We might as well be Protestants at once as to waive the Church as a spiritual kingdom or polity, and attempt to escape persecution by explaining away the Papacy into an inoffensive primacy. To do so were to betray the moral order, and to prove ourselves unworthy of the Catholic name. There is little merit in asserting the truth when nobody questions it, or in boldly defending what no one assails. The merit is in defending what is assailed, and in being always ready to assert, if need be with our lives, that precious truth which is the most strenuously denied. It is precisely where the enemy seeks to make a breach that we should take our stand. We are Americans indeed, but we are also Catholics; and as Catholics we are members of a. commonwealth broader than that of Massachusetts, than that of the American Union, than all the nations of the earth joined together, a spiritual commonwealth superior to all others, and to which is due our first and deepest love. Religion is the supreme law, and represents the highest and best. In this spiritual common

wealth we are all members of Christ's mystical body, and members one of another. Not one of those members can suffer without all the members suffering with it. In this order, this spiritual kingdom, we are not at liberty to think, debate, or vote by nations. We are Catholics, not nationalists. We are not to consult what a narrow and exclusive nationalism demands or would impose, but what is due to our brethren in all countries of the world and in all times, and especially what is due to our Lord who has redeemed us. Everywhere the Church, whose function it is to introduce and sustain the supremacy of the moral order in the government of the world, has to struggle against nationalism and royalism, or the tyranny of the temporal order, which would oppress and enslave her. Everywhere, then, it is necessary to assert and sustain for Catholics the authority of Peter in all its plenitude; for just in proportion as that authority is impaired in the convictions or the affections of the people, is impaired the power of the Church to maintain her independence, and to vindicate the supremacy of right. It is the good of Catholics, the interests of Catholicity everywhere, not merely in our own or any other particular nation, that we are to consult. We are in religion, in all that belongs to the moral or spiritual order, to consider all Catholics as constituting one people, and to know no diversity of race or distinction of nation; for true religion is one for all men, and truth and justice are the same in all ages and in all quarters of the globe. In religion we are and must be Catholics, as our very name asserts, not Americans, Englishmen, Irishmen, Frenchmen, or Dutchmen.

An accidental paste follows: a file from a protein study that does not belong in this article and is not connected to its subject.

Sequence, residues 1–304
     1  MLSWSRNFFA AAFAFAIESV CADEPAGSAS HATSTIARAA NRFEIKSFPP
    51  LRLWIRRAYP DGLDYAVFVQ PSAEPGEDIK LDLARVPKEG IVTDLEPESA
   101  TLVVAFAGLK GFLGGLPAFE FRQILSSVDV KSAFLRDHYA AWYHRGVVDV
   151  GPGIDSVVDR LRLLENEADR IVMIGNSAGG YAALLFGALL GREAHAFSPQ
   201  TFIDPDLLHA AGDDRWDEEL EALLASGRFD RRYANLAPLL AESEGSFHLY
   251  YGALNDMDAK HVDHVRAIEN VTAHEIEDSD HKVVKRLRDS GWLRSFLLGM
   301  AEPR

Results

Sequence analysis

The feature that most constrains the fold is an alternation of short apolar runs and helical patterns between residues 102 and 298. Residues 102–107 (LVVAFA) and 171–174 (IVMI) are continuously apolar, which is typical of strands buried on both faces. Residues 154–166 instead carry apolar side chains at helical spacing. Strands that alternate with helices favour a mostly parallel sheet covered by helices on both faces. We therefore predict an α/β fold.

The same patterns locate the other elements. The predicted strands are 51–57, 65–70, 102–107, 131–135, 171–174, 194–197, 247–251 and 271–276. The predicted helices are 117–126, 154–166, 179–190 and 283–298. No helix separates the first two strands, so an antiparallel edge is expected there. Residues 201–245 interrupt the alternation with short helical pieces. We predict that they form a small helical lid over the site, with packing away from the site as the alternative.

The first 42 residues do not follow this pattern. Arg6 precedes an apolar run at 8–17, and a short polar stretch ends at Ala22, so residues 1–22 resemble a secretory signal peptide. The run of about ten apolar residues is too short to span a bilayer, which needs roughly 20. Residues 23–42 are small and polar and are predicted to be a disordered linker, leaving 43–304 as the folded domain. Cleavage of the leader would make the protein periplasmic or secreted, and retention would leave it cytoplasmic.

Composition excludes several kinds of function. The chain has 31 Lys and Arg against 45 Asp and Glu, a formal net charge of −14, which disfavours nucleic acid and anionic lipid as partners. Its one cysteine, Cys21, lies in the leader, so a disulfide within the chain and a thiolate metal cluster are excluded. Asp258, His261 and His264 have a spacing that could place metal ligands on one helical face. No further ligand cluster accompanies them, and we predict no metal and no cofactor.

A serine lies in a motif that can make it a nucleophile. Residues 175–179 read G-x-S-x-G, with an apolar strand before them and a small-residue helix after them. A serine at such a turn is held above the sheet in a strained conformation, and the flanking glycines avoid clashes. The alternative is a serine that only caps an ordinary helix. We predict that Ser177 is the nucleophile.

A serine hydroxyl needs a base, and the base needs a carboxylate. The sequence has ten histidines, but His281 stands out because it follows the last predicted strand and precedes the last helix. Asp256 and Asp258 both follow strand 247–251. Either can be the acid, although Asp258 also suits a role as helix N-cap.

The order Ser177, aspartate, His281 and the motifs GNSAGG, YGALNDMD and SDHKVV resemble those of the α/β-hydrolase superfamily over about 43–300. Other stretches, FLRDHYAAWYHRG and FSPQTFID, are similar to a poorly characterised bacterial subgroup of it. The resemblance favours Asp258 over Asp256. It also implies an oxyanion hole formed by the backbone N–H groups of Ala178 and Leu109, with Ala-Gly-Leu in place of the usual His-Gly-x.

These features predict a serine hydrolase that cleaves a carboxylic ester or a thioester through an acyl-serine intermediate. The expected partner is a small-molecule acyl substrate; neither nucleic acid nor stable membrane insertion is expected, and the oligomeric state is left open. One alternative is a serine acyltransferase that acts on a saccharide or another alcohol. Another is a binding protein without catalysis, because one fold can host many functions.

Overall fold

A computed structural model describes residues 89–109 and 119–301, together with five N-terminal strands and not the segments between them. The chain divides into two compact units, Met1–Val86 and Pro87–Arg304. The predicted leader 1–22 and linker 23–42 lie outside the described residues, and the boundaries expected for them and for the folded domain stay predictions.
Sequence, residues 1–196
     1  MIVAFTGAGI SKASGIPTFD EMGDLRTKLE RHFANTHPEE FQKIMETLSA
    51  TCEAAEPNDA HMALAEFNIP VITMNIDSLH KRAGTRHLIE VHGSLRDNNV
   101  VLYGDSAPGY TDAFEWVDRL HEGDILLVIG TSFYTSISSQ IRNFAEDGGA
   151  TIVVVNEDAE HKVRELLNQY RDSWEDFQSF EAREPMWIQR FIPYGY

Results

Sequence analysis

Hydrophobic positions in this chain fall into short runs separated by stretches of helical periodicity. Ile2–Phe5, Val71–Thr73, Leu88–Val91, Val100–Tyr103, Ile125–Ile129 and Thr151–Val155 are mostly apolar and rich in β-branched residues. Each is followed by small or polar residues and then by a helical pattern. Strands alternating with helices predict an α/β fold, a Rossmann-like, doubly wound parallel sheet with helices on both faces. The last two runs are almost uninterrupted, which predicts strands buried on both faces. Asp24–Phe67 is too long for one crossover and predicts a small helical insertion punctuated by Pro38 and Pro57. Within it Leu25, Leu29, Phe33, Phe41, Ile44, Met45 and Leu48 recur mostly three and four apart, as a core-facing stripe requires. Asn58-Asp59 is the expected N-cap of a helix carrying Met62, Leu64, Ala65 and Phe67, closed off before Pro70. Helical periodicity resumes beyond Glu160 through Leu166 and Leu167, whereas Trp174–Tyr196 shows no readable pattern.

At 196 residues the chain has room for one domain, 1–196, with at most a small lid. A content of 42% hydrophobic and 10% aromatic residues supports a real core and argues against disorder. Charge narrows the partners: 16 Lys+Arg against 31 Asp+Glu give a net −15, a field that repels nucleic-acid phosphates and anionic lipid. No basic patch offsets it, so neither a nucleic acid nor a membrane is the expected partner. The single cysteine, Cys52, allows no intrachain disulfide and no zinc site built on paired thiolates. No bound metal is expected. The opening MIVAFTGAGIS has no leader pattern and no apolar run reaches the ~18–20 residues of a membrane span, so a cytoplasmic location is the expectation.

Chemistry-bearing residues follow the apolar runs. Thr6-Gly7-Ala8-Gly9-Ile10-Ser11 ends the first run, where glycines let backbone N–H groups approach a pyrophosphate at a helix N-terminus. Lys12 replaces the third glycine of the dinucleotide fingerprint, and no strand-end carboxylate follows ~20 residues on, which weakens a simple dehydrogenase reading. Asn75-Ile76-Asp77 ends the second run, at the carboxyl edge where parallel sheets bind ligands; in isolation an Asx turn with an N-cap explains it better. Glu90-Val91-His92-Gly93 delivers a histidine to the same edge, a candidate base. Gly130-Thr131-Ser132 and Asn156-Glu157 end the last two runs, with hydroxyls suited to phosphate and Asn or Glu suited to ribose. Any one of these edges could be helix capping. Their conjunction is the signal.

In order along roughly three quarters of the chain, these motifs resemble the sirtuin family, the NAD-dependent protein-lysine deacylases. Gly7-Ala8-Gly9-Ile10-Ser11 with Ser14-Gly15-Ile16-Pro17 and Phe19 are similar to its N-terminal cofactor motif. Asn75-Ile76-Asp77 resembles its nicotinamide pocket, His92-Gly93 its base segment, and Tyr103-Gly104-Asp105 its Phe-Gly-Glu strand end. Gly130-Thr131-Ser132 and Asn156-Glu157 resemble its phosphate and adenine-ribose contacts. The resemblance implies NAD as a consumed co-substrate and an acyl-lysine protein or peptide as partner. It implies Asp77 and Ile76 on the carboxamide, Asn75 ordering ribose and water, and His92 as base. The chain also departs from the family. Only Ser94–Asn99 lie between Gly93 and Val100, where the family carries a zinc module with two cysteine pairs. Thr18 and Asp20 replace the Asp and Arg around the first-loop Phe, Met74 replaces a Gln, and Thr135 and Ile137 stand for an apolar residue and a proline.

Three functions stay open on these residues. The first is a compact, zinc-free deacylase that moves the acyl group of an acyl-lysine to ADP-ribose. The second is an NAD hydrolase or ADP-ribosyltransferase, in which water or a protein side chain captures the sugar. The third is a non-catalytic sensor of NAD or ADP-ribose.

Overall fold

If this offends American nationalism, it is not our fault; for the moral and religious order is above and paramount to every nationality, and what we thus give to our religion never was and never can be due to any nationality whatever. If a Know-Nothing nationalism takes umbrage at this, and persecutes us for not being national in our religion, it may do so, we cannot help it. Our religion is older and broader than Americanism, and we know no peculiar American religion, unless it be Mormonism,—the only religion we know of that can boast an American origin. Catholicity is worth living for and worth dying for. If we are persecuted for asserting it, let it be so, and let us rejoice and be exceeding glad that we are counted worthy

to suffer for our Lord Jesus Christ, who gave his life for us. They who persecute us wrong us, and it is better to receive wrong than to do wrong. If we desert Peter, we lose all our support, and can expect no Divine protection; if we adhere firmly to him, with a loving heart, with filial affection and obedience, we know that we are in the way of our duty, and that nothing whatever can harm us; for the words of our Lord are true: "Thou art Peter, and upon this Rock will I build my Church, and the gates of hell shall not prevail against it." All ecclesiastical history proves that the Divine protection never fails those who rally around the Vicar of Jesus Christ, while they who desert him, or depreciate the Papacy, and seek to deprive it of its prerogatives, are abandoned to the tender mercies of the enemies of God and his Church.